July through September,
This has been a very busy quarter for us.
We began with a six-week trip to Africa and England then
entertained guests from Japan and Canada for two weeks.
That left us a little over 5 weeks of
Kendal and Arthur left on July 2,
arriving in Tanzania on July 3 to begin their climb up
Getting up the 19,341'
peak and back down required 7 days and 6 nights of hiking and camping.
Gary and Arthur have the advantage of living at 5,000' and Kendal spent
a week in Bozeman doing several
before we left.
They all coped well with the altitude,
although Arthur may have had a sinus infection and experienced some
difficulties during the climb.
The final part of the ascent is done in the dark;
the goal is to be at or near the summit at sunrise.
At the summit Gary and Kendal sealed empty disposable water bottles so
they could take fresh air from the summit down to friends at sea level
and show them what they missed.
It's a good way to demonstrate
what one is breathing at the summit
(where the air pressure is less than 50% of sea level).
See drafts of our Kilimanjaro pictures and videos at Gary's
There is also a rather lengthy prose entry in Gary's
Kendal and Arthur met Pauline and others in Durban,
then took a 7-hour shuttle ride to rustic
Mbotyi River Lodge
of South Africa on the Indian Ocean.
The geology of the Wild Coast and the consequent lack of roads makes
travel up and down the coast very difficult.
Even hiking the rugged 174 mile coast takes a strong hiker 25 days.
While the divers took in the
Greatest Shoal on Earth,
we toured some of the many waterfalls in the area;
pictured here is
along with Brandon and friend Evan
can be seen on the ledges near the bottom of the falls.
We also took a flight in a microlight to see some of the falls from the
we travelled to
where we stayed at the luxurious Selati Camp.
Sabi Sabi is a private game reserve that borders
Kruger National Park.
Through an agreement with Kruger NP,
there is no fence between the park and the game reserve,
so animals wander freely between the two;
under this agreement,
the animals in Sabi Sabi receive similar protections to those in the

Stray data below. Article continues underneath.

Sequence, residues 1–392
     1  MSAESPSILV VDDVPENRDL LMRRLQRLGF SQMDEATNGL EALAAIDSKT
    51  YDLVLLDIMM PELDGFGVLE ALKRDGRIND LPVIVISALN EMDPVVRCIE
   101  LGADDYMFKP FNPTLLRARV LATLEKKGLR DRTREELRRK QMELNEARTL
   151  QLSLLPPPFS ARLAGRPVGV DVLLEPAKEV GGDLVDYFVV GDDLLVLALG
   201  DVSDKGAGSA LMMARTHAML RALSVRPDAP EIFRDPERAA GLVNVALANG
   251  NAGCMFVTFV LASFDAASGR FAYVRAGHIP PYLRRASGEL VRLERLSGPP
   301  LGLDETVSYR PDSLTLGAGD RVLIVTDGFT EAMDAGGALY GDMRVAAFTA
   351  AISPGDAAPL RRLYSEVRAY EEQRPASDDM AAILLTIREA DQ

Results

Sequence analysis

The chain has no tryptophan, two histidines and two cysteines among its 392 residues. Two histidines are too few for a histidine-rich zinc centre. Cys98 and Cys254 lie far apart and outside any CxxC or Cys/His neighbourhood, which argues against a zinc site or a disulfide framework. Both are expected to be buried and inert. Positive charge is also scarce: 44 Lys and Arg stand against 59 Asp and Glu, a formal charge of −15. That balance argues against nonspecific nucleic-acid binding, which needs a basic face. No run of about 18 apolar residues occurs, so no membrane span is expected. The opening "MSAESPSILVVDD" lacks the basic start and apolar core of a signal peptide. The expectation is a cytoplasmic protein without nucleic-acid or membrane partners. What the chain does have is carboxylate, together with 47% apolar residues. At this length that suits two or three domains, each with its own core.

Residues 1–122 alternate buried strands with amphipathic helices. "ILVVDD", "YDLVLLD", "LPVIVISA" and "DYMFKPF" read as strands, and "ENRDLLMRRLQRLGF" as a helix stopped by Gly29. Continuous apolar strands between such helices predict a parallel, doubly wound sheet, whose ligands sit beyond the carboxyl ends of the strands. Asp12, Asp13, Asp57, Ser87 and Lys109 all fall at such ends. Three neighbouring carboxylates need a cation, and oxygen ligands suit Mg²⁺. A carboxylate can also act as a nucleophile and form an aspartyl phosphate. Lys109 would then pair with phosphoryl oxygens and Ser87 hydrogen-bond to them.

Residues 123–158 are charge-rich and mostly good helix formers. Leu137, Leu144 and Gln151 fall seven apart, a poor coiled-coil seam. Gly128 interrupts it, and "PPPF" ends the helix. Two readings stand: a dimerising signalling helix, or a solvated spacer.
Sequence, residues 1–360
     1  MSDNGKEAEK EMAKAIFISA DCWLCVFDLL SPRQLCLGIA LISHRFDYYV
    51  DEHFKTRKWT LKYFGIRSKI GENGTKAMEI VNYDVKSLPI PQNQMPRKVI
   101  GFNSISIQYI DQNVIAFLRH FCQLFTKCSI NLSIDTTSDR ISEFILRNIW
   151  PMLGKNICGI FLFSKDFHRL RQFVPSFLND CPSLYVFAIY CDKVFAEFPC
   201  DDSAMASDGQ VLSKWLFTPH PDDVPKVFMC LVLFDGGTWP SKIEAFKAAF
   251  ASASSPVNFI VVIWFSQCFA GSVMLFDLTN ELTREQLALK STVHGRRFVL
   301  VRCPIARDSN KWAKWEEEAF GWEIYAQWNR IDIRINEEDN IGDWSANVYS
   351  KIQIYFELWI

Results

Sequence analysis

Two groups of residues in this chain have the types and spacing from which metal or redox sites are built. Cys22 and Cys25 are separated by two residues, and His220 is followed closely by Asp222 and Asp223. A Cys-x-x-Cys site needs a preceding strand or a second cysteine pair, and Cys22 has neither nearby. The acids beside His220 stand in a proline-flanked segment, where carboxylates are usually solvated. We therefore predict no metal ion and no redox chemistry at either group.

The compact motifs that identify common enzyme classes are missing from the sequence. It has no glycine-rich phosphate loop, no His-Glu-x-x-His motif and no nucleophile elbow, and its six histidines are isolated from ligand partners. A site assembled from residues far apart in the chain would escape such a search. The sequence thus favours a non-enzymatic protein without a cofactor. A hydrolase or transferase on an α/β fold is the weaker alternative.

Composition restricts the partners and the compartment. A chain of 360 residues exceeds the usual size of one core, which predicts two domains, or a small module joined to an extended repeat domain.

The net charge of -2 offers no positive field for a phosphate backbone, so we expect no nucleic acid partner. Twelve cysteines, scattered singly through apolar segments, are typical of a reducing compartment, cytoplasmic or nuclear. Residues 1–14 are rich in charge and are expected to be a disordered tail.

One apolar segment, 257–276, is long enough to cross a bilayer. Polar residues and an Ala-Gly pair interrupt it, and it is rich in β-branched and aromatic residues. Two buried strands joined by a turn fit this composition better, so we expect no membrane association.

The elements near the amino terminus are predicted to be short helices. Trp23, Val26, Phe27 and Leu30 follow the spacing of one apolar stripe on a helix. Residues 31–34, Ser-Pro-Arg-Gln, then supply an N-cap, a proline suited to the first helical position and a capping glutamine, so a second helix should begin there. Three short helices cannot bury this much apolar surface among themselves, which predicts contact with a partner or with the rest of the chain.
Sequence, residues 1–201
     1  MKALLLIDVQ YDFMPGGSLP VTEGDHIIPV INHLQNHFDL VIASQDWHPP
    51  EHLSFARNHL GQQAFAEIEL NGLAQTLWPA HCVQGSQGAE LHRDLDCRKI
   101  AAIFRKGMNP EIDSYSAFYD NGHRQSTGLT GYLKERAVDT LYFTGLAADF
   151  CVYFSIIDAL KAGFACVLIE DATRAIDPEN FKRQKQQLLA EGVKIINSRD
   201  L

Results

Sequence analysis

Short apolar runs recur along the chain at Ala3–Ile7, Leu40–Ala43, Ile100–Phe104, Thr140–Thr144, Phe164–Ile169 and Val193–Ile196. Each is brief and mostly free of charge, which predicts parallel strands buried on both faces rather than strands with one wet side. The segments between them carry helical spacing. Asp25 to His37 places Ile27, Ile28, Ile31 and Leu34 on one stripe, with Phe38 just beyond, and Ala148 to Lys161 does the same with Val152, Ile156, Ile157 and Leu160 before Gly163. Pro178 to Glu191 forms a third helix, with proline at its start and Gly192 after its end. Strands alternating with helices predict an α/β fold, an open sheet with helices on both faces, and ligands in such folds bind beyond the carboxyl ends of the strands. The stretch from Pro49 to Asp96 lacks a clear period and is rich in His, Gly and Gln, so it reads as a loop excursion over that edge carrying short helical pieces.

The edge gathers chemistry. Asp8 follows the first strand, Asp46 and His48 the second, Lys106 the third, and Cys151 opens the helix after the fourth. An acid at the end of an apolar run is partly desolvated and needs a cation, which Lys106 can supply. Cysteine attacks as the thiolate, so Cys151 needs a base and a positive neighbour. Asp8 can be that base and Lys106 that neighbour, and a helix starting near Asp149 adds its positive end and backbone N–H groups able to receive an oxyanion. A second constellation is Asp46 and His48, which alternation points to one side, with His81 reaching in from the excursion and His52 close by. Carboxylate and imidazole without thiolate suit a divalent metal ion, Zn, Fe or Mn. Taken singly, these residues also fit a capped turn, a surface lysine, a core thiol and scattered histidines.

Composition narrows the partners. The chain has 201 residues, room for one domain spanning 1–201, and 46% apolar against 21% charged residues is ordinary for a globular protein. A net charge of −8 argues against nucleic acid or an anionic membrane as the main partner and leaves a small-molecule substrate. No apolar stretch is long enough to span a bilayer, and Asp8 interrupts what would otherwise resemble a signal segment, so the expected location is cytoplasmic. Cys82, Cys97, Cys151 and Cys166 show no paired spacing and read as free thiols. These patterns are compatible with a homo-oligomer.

On the safaris we saw a rare
“Royal Big 5,”
which is the
(elephant, rhinoceros, leopard, lion and cape buffalo)
including both the white and black rhinoceros.
One of the many exciting moments was when we accidentally surprised a
group of elephants.
The matriarch of the herd appeared to take exception to our intrusion.
The ranger told us
The spotter sitting on the left fender of the safari vehicle would have
been the first to feel her wrath,
but did a good job of looking non-threatening.
She ultimately decided we were not a threat,
calmed down and rejoined her herd.
After Sabi Sabi,
we parted ways with the others and began our own tour,
starting with 5 days in Cape Town.
There was a beautiful view of
out our hotel window at the
Victoria and Alfred Hotel.
The mountain is often covered with its own cloud,
even when skies are clear.
We finally made it to the top
(via cable car)
on the last day of our stay,
all other days being either too cloudy or too windy for it to open.
Our tour included
(where Nelson Mandela was imprisoned),
Cape of Good Hope,
Stellenbosch wine region.
From Cape Town,
for a 7 day train journey to Victoria Falls.
The Rovos train recreates the luxury of Edwardian England
(viz. the years leading up to
Each couple has their own private room and bath,
“dress for dinner.”
On the way we made several scheduled stops,
Kimberly Diamond Mine
and game parks in Botswana and Zimbabwe.
in Zimbabwe was
much in the news
both before and after our visit.
We stayed several days at
on the border between Zimbabwe and Zambia.
Since news from home had many stories of forest fires we were concerned
to see what appeared to be a large forest fire miles up the rail line as
we approached our terminus.
It soon occurred to us we were actually seeing the mist from Victoria
The falls is over one mile across,
so it is difficult to appreciate the magnitude of it except from high in
Unlike most falls,
one does not view it from the bottom since it falls into a deep,
Therefore one views it from across the chasm at the same level as the
For most of the year it would be suicidal to enter the chasm;
the remainder of the year it would unpleasant at best.
After 4 weeks in Africa
(5 for Gary),
we travelled to England to spend 10 days with family.
We spent several days on
and two days in
We were both more than ready to go home,
in spite of the good time we had.
On August 26 Gary let Rosie out at 7:05am and she immediately started
Looking to see what she might be barking at,
he saw that a house belonging to Bob and DeeDee Rasmus was
completely engulfed in flames.
An emergency vehicle was controlling traffic below so someone had
already called 911.
Bob had maintained
around the house.
that space is intended to protect the house from the trees,
Fortunately there was no wind to speak of.
Eight fire departments from the area soon arrived and started making
sure the fire did not spread into the forest
(since the house was already a total loss).
People in surrounding homes prepared to evacuate.
The fire soon subsided and no further damage was done.
Bob and DeeDee were awakened by their dogs once the house was well
involved and just managed to escape in their pajamas with the dogs,
sustaining some minor burns.
They had no money,
The source of the fire is under investigation.
It appears the fire started on wooden decks outside the house and did not
set off indoor fire alarms until it had encompassed much of the house.
Among our visitors were our friends Hiro and Akemi from Japan.
They had visited us before in
they hosted us during our
10 day trip to Japan.
We took them over the
then to Yellowstone and Grand Teton Parks.
In this picture they are sampling a cowboy delicacy:
Rocky Mountain Oysters
at the restaurant in the
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